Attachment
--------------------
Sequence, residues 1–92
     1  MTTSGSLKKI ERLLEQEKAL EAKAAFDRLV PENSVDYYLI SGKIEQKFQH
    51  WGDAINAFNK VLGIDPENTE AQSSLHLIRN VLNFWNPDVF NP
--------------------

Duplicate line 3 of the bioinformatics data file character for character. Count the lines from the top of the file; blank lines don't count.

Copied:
    51  WGDAINAFNK VLGIDPENTE AQSSLHLIRN VLNFWNPDVF NP